Monday 5 December 2016

France nears boiling-point as three million take to streets

John Lichfield in Paris

Published 13/10/2010 | 05:00

FRANCE'S President Nicolas Sarkozy could face the greatest challenge of his presidency in the next few days as a month-old protest against pension reform swells toward outright confrontation.

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More than three million demonstrators marched yesterday against the president's plans to raise the standard retirement age from 60 to 62. Tens of thousands of students joined the marches, threatening to radicalise the protests against a deeply unpopular presidency.

Militant union branches in the railway and oil-refining industries were pushing last night for a showdown with Mr Sarkozy, who has made reform of the loss-making state pension system the make-or-break issue of his final 20 months in office.

After a series of 24-hour strikes in the past six weeks, militant workers were expected to vote last night and this morning for the kind of open-ended stoppages that have overturned previous attempts to reform the French social system.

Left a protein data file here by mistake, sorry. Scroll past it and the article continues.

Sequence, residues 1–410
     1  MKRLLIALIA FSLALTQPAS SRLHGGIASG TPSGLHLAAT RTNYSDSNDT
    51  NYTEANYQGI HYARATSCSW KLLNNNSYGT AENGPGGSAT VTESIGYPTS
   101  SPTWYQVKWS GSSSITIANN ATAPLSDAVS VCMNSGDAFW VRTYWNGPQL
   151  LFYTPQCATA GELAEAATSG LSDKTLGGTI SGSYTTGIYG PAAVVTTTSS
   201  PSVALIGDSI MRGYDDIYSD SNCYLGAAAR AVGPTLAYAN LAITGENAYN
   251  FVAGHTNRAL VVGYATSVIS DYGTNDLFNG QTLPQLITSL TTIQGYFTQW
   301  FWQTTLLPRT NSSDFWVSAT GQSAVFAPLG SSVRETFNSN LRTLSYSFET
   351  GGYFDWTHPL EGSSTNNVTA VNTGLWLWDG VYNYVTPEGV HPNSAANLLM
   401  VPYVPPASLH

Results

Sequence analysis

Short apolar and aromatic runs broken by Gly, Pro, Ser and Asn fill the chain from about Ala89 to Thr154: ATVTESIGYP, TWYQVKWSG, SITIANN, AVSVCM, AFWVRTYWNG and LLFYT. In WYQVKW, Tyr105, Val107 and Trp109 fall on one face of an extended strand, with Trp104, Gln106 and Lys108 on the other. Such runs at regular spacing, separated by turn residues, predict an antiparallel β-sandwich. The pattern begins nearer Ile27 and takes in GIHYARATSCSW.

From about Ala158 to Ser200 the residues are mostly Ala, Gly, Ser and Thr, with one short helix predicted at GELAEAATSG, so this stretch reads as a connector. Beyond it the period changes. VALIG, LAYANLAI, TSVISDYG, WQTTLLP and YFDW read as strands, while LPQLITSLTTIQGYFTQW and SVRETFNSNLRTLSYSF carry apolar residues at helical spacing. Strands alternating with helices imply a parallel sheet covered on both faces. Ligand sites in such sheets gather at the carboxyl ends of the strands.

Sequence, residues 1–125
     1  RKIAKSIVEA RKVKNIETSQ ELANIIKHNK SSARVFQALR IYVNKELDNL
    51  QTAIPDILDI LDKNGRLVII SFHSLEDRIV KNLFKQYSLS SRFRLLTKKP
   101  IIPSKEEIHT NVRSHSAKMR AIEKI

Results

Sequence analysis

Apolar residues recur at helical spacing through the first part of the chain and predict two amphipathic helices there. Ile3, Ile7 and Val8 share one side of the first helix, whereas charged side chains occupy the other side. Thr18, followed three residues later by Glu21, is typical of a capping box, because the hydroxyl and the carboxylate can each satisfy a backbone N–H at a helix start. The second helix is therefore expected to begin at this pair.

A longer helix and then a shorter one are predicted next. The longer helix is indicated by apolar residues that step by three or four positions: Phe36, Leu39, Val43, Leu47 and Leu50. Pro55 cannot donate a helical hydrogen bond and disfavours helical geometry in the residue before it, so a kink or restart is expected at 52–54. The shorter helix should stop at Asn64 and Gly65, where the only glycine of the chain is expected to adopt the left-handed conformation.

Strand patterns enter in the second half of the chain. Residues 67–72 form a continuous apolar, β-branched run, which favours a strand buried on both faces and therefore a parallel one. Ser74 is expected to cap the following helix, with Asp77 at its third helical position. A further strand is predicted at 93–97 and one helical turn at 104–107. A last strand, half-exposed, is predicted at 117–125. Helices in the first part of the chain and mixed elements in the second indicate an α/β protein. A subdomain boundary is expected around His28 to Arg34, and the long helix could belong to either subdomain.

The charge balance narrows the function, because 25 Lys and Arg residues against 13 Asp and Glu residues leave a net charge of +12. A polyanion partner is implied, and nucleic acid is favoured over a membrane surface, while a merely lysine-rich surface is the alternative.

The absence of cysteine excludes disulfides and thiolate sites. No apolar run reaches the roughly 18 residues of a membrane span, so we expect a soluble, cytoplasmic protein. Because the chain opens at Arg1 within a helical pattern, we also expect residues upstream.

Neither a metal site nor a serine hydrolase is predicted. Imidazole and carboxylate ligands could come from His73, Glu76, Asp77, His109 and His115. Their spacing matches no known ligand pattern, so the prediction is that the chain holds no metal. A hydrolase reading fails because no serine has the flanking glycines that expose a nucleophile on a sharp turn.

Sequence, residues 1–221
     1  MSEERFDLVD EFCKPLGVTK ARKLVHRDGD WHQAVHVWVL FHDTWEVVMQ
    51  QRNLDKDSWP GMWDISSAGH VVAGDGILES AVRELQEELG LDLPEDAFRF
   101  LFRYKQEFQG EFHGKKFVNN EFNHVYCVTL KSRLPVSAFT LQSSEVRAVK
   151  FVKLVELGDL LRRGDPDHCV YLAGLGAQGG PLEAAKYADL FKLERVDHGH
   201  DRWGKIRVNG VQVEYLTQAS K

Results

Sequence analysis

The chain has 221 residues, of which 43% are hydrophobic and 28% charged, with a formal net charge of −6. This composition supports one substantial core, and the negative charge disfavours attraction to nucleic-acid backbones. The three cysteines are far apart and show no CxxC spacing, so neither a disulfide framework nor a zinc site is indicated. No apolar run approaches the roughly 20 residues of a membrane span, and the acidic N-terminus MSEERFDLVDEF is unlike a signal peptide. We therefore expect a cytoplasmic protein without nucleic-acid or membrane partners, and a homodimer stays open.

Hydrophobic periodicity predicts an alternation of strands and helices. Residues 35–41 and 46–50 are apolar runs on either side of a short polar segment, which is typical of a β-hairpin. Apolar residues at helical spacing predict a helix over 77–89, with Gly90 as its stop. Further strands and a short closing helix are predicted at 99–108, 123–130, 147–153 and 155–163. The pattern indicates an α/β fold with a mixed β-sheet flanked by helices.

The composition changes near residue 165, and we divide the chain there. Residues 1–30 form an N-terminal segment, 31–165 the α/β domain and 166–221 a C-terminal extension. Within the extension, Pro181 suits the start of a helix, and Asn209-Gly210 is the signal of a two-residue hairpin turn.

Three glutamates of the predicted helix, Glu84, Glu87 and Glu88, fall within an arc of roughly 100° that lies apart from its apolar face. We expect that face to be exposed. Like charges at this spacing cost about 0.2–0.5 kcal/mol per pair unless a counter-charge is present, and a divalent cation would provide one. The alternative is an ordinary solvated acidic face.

It remains to be seen, however, how much support strikes would receive. Moderate, national union leaders fear that extended railway, Metro or oil refinery strikes could fizzle out or alienate public opinion.

Rail and air services were severely disrupted yesterday. Even the Eiffel Tower closed.

Mr Sarkozy has staked his reputation as a reforming president on the pension issue and will not easily back down. He says that pension change is unavoidable -- and a test case for France's willingness to rescue its "social model".

Deficit

The state pensions budget is already €32bn in deficit. With people living longer and fewer young people in the workforce, the annual losses will more than double in the next 20 years.

The young marchers made it clear that they were "sick" with Mr Sarkozy's presidency -- especially his campaign against Roma immigrants.

Some trade union leaders and politicians say that Mr Sarkozy will be delighted to face prolonged protests. They say that he wants to go into the next election as the man who forced through social reforms. (© Independent News Service)

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